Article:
JAKARTA (Reuters) - Indonesia’s highest court on Monday rejected a legal challenge by president-elect Joko Widodo’s party to a law that prevents it from filling the role of parliamentary speaker, complicating efforts to push through economic reforms.
Widodo’s Indonesian Democratic Party-Struggle (PDI-P) won just under 20 percent of the total vote in April’s parliamentary election, the biggest share of any political party.
But lawmakers in the outgoing parliament in July rushed through a change to a previous law that allowed the biggest party in parliament to automatically appoint a speaker, arguing that the appointment should be based on a vote.
“It’s not just that this robs us of the right as a party to select the speaker of the (parliament) but also affects the sustainability of the incoming government of Widodo,” PDI-P lawmaker Trimedya Panjaitan told media.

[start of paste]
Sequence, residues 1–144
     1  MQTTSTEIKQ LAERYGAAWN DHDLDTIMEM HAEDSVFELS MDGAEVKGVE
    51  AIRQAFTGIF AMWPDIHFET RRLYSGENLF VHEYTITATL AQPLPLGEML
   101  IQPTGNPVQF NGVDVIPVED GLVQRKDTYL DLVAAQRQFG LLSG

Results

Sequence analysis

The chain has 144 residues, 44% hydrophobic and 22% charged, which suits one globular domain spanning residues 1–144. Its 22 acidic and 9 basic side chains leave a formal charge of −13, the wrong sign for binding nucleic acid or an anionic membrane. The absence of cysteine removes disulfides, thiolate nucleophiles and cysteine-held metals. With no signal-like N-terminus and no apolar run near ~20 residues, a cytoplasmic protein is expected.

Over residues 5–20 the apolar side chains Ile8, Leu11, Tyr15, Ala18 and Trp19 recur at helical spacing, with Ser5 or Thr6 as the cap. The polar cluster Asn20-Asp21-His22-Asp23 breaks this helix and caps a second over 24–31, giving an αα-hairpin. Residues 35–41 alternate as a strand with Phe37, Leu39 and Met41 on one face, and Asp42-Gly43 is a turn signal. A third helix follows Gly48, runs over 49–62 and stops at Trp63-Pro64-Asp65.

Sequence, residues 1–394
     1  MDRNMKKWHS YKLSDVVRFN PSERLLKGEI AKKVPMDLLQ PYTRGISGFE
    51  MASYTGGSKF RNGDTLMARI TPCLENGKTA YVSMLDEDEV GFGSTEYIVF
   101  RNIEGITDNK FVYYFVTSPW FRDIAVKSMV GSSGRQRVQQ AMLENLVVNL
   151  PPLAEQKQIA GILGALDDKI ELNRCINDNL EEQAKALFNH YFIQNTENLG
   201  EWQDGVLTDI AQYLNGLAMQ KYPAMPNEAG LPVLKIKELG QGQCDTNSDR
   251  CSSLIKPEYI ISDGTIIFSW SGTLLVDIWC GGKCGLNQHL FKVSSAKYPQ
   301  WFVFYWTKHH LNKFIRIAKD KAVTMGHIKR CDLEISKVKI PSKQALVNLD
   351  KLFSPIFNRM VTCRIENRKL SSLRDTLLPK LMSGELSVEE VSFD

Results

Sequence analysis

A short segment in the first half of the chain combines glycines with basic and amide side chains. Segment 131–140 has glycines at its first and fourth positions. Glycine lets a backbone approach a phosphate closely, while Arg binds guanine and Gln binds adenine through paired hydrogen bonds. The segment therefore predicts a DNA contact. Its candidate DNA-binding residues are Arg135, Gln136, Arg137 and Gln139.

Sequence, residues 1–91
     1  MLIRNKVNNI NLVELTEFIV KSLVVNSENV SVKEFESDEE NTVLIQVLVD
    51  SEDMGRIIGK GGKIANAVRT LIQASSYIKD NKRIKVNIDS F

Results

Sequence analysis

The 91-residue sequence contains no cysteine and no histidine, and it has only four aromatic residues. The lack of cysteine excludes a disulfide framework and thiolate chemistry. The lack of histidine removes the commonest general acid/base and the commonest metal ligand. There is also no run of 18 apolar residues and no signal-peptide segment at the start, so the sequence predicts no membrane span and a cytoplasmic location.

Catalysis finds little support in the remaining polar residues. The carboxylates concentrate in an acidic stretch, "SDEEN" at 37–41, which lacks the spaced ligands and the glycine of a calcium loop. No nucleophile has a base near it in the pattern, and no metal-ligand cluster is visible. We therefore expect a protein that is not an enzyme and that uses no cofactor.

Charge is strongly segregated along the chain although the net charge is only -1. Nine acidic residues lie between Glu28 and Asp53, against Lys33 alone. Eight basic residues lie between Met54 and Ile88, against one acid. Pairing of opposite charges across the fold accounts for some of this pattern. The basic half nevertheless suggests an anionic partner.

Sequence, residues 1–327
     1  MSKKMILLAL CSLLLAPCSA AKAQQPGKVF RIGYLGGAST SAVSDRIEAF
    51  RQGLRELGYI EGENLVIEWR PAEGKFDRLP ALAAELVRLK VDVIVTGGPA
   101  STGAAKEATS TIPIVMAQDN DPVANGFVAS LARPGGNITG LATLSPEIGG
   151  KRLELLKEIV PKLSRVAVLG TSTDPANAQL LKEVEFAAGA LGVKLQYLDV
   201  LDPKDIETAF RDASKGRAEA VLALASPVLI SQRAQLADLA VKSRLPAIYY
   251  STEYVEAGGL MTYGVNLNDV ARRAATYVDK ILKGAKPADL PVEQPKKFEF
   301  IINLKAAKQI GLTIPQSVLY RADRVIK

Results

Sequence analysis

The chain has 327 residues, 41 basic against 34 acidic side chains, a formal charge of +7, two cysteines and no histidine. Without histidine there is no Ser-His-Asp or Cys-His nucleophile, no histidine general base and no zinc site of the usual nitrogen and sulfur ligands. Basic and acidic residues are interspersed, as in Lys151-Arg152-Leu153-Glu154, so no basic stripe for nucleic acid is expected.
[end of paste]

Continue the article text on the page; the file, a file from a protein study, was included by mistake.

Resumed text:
“If the head of the lower and upper houses are controlled by the opposition, we can imagine how they could hold the government’s programmes hostage.”
Puan Maharani, PDI-P lawmaker and daughter of party head and former president Megawati Sukarnoputri, had been expected to assume the coveted house speaker position.
The position is now likely to be decided on by the opposition coalition led by losing presidential candidate Prabowo Subianto’s Gerindra party.
The Constitutional Court decision comes on the heels of another victory for the opposition coalition, which last week pushed through a controversial bill ending direct elections for regional level leaders.
Critics say the move to shift that authority to regional legislatures is a major blow to the fledgling democracy, the third-largest in the world, as it would transfer power away from the people into the hands of an elite.
Reporting by Kanupriya Kapoor; Editing by Jeremy Laurence